1. EDEXCEL IGCSE / CERTIFICATE IN PHYSICS 1-6
Edexcel IGCSE Physics pages 49 to 56
All content applies for Triple & Double Science
2. Edexcel Specification
Section 1: Forces and motion
understand gravitational field strength, g, and know that it is different on other planets and the moon
from that on the Earth.
explain that gravitational force:
- causes moons to orbit planets
- causes the planets to orbit the sun
- causes the moon and artificial satellites to orbit the Earth
- causes comets to orbit the sun
describe the differences in the orbits of comets, moons and planets
use the relationship:
orbital speed = (2× π × orbital radius) / time period
v = (2× π × r) / T
- the universe is a large collection of billions of galaxies
- a galaxy is a large collection of billions of stars
- our solar system is in the Milky Way galaxy.
3. The Solar System
The Solar System consists of the Sun orbited by eight
planets and their moons, some dwarf planets along with
many asteroids and comets.
A planet is a body that orbits
the Sun, is massive enough
for its own gravity to make it
round, and has cleared its
neighbourhood of smaller
objects around its orbit.
Based on this, International
Astronomical Union’s definition
of 2006, there are only eight
planets in orbit around the
In order of distance
from the Sun:
5. Dwarf Planets
A dwarf planet is a celestial
body orbiting the Sun that is
massive enough to be
spherical as a result of its own
gravity. but has not cleared its
neighbouring region of other
As of 2011 there are five dwarf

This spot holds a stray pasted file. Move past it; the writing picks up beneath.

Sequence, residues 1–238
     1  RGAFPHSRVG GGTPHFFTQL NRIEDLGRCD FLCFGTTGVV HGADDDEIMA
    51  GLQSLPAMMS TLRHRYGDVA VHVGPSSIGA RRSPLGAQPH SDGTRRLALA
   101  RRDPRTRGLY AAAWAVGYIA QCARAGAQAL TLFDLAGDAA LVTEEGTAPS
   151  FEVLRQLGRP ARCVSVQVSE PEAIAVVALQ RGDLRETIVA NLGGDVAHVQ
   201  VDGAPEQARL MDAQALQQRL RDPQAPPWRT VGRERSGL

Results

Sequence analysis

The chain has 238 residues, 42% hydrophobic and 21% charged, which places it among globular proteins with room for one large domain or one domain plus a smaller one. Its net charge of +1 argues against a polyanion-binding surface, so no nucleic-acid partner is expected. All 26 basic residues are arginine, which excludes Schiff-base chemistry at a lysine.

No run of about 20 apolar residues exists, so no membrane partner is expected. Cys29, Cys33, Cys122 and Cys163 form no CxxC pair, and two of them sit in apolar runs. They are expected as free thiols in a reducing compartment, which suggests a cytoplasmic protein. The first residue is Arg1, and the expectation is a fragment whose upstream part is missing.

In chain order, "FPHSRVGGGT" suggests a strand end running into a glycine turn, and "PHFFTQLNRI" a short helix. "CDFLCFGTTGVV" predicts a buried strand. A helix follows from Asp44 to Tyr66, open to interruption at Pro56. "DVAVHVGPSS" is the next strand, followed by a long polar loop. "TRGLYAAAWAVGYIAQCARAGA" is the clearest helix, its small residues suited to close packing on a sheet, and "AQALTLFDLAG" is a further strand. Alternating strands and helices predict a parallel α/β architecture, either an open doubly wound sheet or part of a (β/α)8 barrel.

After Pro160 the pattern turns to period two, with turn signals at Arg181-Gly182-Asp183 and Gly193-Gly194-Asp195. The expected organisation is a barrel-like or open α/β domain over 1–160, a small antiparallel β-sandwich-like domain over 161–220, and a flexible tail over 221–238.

planets in the Solar System.
Between Mars and Jupiter:
and Eris (the largest)
Hubble image of Pluto
and one of its moons
An asteroid is a celestial body
orbiting the Sun that is not
massive enough to be spherical
as a result of its own gravity.
Most asteroids are found between
the orbits of Mars and Jupiter – a
region called ‘The Asteroid Belt’.
There are about 750 000 asteroids
larger than 1km across.
A few, called ‘Near Earth
Asteroids’ can pass very close to
Asteroid Vesta – image
taken on July 17th
the Dawn spacecraft
A moon orbits a planet.
Planet Moons (2011)
The Earth’s only
Note: A number of dwarf planets and asteroids also have
moons, for example Pluto has three moons.
8. This is the time
taken for a planet
to complete one
orbit around the
It increases with a
from the Sun.
Mercury 88 days
Venus 225 days
Earth 1 year
Mars 2 years
Jupiter 12 years
Saturn 29 years
Neptune 165 years
Uranus 84 years
Time period (T )
9. Gravitational attraction
The force of gravity is responsible for the orbits of
planets, moons, asteroids and comets.
In 1687 Sir Isaac Newton stated that this
- is always attractive
- would double if either the mass of Sun or
the planet was doubled
- decreases by a factor of 4 as the distance
between the Sun and a planet doubles.
10. Gravitational field strength (g)
This is a way of measuring the strength of gravity.
The gravitational field strength is equal to the
gravitational force exerted per kilogram.
Near the Earth’s surface, g = 10 N/kg
In most cases gravitational field strength in N/kg is
numerically equal to the acceleration due to
gravity in m/s2
, hence they both use the same
11. Gravitational field strength (g) varies from planet
It is greatest near the most massive objects.
Some examples of gravitational field strength:
Location N/kg Location N/kg
Earth 10 Jupiter 24
Moon 1.6 Pluto 0.7
Mars 3.7 The Sun 270
from the Sun
(millions of km)
Mercury 0 58 4 700 0.2
+ 350 4
Venus 0 108 12 100 0.6
+ 470 9
Earth 1 150
(93 million miles)
12 700 `1.0 + 15 10
Moon - 0.38
(from the Earth)
3 400 0.07
- 50 1.6
Mars 2 228 6 800 1.9 - 30 4
Ceres 0 414 970 4.6 - 100 0.3
Jupiter 64 779 143 000 12 - 150 23
Saturn 62 1443 120 000 30 - 180 9
Uranus 27 2877 51 000 84 - 210 9
Neptune 13 4503 49 000 165 - 220 11
Pluto 3 5874 2 300 248 - 230 0.7